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This report reviews existing literature and compiles equity metrics for the implementation of 100% renewable energy policy. Initiative for Energy Justice created this literature review for energy regulators and communities engaged in energy rulemaking proceedings in particular. The content may also be adapted to address equity initiatives within utilities, and used by advocates in independent efforts to hold utilities accountable to equity standards. The resources provided are meant to provide a flexible basis from which to expand systems of accountability regarding equity goals in the implementation of 100% renewable energy (or 100% clean energy) policy.
In May 2013, the Federal Reserve Bank of Boston (Boston Fed) formally launched the Working Cities Challenge: An Initiative for Massachusetts Smaller Cities. The Working Cities Challenge (WCC) encourages and supports leaders from the business, government, philanthropy, and nonprofit sectors in smaller, postindustrial cities to work collaboratively on innovative strategies that have the potential to produce large-scale results for low-income residents in their communities. Ultimately, the Boston Fed expects that the teams' efforts will build the cities' civic infrastructure leading to long-term improved prosperity and opportunity for residents in Working Cities.The Boston Fed developed a competitive process for city selection in which a jury chose the winning cities with the grant award varying based on the strength of the cities' proposals. WCC announced in early 2014 the award of a total of $1.8 million in grants to six working cities. The competitive grants included four implementation grants ranging in size from $700,000 to $225,000 over a planned three-year period awarded to Chelsea, Fitchburg, Holyoke, and Lawrence. In addition, WCC awarded two smaller $100,000 one-year seed grants to Salem and Somerville. Based on the assessment of progress at the midpoint of the implementation period, the Boston Fed extended the grant cycle slightly and augmented the implementation grants. Following a second juried competitive application process, the Boston Fed awarded each of the four implementation cities an additional $150,000 and extended the grant period through September 2017, making implementation a full three-and-a-half years. Beyond the grant funds, the working cities have received technical assistance and opportunities for shared learning and peer exchange. While perhaps less tangible than technical assistance, but no less important, the working cities now have greater visibility and new forums for access to funders as well.Below is a presentation produced by Mt. Auburn Associates.Please find the full report, case studies, and additional resources here: https://www.bostonfed.org/workingcities/massachusetts/round1/process/evaluation.htm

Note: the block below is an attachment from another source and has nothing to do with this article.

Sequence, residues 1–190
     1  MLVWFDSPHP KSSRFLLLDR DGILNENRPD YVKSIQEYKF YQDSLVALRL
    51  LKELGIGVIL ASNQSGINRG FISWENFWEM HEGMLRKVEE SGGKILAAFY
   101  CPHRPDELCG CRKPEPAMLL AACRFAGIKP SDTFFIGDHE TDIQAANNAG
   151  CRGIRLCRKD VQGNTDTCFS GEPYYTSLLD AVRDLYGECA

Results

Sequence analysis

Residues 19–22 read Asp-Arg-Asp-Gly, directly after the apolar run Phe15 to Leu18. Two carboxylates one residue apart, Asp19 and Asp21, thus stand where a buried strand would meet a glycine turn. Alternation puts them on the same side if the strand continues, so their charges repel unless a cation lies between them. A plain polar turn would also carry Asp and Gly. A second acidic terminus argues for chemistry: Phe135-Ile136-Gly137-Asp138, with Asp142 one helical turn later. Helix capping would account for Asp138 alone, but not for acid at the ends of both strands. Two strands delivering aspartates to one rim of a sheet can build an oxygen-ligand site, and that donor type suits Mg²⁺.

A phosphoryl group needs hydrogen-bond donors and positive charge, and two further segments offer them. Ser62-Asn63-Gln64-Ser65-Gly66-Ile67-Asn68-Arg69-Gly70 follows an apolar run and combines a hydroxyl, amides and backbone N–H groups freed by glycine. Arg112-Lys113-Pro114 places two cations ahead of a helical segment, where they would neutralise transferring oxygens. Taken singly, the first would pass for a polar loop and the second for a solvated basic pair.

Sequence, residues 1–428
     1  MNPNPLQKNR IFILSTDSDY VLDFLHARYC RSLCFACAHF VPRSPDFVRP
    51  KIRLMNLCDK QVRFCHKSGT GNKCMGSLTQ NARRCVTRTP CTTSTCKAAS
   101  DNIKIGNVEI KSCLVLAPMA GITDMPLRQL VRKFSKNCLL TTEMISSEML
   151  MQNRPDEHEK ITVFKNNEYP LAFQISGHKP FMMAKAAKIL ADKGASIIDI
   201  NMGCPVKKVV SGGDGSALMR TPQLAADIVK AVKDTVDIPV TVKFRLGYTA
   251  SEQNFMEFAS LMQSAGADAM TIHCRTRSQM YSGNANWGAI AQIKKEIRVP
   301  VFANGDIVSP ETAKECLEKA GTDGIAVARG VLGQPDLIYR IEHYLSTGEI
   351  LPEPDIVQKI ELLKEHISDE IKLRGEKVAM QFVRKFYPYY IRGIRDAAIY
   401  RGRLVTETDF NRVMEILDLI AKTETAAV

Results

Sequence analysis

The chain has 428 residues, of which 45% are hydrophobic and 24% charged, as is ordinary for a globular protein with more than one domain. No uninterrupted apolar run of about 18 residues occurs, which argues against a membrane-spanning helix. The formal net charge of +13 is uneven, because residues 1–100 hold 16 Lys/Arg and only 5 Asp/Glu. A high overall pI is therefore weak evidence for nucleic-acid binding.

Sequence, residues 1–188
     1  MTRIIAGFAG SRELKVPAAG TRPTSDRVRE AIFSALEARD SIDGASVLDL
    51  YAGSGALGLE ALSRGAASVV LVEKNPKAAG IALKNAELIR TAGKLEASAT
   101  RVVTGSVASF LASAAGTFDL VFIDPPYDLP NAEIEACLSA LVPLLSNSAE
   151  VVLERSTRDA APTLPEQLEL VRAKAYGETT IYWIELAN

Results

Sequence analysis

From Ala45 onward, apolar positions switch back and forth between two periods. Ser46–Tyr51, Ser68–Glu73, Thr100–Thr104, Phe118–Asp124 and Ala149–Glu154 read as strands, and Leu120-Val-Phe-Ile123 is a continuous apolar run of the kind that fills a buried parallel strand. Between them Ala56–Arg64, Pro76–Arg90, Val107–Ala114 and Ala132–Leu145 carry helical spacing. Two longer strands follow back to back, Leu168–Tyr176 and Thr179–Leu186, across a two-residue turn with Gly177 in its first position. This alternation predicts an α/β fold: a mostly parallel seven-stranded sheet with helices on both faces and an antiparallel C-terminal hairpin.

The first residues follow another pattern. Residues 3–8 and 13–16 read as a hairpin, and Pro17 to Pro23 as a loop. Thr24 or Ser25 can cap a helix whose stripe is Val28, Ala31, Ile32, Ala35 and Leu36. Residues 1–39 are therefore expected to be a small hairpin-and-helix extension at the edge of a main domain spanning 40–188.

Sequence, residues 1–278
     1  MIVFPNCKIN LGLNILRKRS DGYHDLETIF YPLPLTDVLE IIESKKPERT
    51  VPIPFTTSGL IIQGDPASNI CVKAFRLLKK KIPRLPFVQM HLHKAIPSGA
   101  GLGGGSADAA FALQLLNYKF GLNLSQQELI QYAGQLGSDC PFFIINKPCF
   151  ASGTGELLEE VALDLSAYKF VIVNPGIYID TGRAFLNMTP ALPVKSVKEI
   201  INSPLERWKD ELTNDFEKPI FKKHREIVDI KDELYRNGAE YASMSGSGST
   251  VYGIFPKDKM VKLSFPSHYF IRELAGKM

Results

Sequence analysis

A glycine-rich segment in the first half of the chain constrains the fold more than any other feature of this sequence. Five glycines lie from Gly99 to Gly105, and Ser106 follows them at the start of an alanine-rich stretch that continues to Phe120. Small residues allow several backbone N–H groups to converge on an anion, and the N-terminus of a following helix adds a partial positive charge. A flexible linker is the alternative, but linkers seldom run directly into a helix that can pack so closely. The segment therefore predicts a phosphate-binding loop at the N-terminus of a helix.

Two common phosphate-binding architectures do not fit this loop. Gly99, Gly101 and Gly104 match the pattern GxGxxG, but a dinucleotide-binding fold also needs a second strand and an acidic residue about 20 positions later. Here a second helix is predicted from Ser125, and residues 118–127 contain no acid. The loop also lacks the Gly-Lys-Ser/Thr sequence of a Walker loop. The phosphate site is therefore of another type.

Presents findings from a survey of visual and performing arts graduates about current employment, satisfaction with training and careers, ability to continue to create or perform, and elements needed to better connect arts training to artistic careers.
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